IS IT A HINMYO??
By Hpone Thant
Checking out wild animal spoor.
"Sir, I think a hinmyo approached our camp last night" the leader of our team of
forest rangers excitedly said to me, poking his head into my tent. "Say again?"
I groggily replied, as the cobwebs had not been cleared from my brains
completely, to be so notified at the crack of dawn. Hinmyo is the traditional
name in Myanmar given to tigers by all the folks living in the jungle. The
village people believe that if you call a tiger a tiger the guardian Nats would
not like it and in many places snakes are called, "Long Creatures" Maybe it is
just superstition but who knows the mysterious ways of the jungle!
The United Kingdom based Scientific Exploration Society (S.E.S) was mounting a
comprehensive survey in the Alaung Daw Kathapa National Park with a view to
present suggestions to the relevant authorities on upgrading it to international
standards. In collaboration with the Forest Department under the Ministry of
Forestry, S.E.S had gathered a varied group of resource persons and nature
lovers divided into small groups to explore the Park and each group was
delegated a specific objective. The Expedition members were formed in companies:
Group Alpha, Baker, Charlie and Delta etc.
Alaung Daw Kathapa National Park is one of the most famous of destinations for
nature lovers as well as for Buddhist pilgrims. The Park is in Yinmabin Township
of the Sagaing Division and is a well forested area, situated to the west of the
Lower Chindwin and Myittha valleys and comprises the Patolon and Taungdwin
The total area of the Park is 620.32 sq miles. The Park consists of the Patalon
and Taungdwin River Valleys and these valleys are separated from each other by
north to south running ridges. These ridges have many steep escarpments. The
elevation of the Park varies from 670 feet to 4265 feet with an average of 3000
feet. The highest point is the Hlaingma Mountain at 4265 feet. The Park is
drained by a number of tributaries of the Potalon River, notably the Petpa and
Taungdwin creeks. The Potalon River empties into the Chindwin River which itself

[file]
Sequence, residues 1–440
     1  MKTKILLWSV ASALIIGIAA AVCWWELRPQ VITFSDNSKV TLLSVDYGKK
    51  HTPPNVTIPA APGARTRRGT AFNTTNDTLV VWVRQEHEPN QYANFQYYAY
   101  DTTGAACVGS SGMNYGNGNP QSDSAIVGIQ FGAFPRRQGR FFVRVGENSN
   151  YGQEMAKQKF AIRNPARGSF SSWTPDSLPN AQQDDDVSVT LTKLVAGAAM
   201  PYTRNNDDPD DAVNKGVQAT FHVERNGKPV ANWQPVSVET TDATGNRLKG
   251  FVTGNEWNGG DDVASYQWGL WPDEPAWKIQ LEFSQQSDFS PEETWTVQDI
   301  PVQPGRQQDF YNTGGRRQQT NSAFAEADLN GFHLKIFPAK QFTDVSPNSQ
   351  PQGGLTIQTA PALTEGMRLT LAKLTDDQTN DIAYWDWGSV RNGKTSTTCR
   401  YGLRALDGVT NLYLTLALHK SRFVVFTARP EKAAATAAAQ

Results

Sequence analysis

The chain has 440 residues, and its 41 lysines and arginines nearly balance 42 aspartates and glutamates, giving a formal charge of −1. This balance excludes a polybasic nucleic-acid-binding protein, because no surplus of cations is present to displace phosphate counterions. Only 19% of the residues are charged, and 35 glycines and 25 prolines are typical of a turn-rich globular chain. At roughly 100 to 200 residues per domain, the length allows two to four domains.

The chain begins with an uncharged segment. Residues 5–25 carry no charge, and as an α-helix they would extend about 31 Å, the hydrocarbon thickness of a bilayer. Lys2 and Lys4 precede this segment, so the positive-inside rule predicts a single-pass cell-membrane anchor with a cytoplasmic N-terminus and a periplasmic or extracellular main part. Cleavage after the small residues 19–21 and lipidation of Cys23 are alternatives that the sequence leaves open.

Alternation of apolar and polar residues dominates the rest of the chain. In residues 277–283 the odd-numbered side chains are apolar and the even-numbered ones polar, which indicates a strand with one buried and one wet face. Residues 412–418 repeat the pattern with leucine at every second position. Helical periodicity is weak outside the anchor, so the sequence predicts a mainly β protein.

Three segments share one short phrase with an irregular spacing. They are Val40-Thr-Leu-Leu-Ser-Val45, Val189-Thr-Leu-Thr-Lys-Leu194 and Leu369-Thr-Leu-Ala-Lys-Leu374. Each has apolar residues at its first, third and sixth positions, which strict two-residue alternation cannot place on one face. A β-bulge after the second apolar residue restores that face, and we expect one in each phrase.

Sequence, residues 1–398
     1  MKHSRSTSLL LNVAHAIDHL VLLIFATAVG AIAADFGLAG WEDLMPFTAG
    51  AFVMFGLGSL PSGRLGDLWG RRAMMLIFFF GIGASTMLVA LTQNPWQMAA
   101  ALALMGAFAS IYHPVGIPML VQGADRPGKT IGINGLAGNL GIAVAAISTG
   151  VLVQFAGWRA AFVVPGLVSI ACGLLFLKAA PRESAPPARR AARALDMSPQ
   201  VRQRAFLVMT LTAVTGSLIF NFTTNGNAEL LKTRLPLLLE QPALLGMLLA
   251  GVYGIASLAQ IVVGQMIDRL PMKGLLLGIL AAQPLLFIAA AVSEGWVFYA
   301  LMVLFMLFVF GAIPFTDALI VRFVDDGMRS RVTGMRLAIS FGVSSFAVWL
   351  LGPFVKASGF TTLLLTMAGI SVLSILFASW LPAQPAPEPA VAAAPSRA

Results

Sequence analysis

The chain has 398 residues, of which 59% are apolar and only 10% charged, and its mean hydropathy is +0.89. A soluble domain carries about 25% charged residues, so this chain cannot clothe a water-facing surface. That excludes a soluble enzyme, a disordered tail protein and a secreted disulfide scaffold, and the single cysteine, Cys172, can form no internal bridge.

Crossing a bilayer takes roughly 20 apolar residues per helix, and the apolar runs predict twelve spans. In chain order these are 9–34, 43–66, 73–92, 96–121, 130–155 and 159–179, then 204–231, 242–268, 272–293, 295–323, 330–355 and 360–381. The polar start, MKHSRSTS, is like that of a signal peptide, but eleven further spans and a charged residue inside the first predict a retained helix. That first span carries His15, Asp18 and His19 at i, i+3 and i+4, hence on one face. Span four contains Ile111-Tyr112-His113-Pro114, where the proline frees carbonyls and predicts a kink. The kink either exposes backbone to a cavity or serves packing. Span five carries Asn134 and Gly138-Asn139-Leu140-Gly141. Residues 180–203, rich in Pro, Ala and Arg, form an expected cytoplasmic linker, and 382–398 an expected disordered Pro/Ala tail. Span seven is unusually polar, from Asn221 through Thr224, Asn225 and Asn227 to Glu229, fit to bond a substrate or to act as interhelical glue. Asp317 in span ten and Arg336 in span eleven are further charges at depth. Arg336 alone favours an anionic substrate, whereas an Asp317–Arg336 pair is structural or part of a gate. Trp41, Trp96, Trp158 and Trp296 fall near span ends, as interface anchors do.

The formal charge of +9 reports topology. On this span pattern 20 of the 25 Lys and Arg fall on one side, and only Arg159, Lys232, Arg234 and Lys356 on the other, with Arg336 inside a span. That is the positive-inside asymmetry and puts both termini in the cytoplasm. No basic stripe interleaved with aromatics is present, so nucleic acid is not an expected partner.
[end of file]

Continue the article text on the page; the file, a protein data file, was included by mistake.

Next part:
is the main tributary of the Ayeyarwady River.
Elephants are the only means
of transport inside the Park.
Major rainfall occurs between May and October and is heaviest in August and
September. The Western Chin Hills greatly influences the rainfall and the annual
rainfall is around 1500mm. Even in some dry years the rainfall is reduced to
around 750mm. The temperature in the Park varies from 10°C with the highest
recorded at 41°C. The humidity averages around 72%.
The Park is accessible by road only. One way is to cross the Chindwin River at
Monywa by ferry or cross the Chindwin by the Sinbyushin Bridge at Chaung Oo. The
best time to visit the Park is from late January to before the Myanmar New Year
in April. Come early and you cannot cross the Chaung Ma Gyi Creek which has not
subsided or come late and get trapped by the monsoon. Even the monks at the
monastery depart for Kabaing at the edge of the Park during the rains.
A Group of scientists at Alaung Daw
Kathapa ready to begin thir survey.
The Buddhist pilgrims usually visit the Park to pay homage to one of the
disciples of Lord Buddha, Shin Maha Kathapa, whose sarcophagus is said to be
lying inside the cave in the Park and hence it is the origin of the Park's name.
Also, on the Full moon Day of Tabodwe (February), the presiding monk of nearby
Pho Win Taung Monastery organizes an annual ceremony to prepare Hta ma ne or
cooked glutinous rice offering to the monks and pilgrims visiting the holy
The cave where this holy relic is said to be buried, is about 45 minutes' walk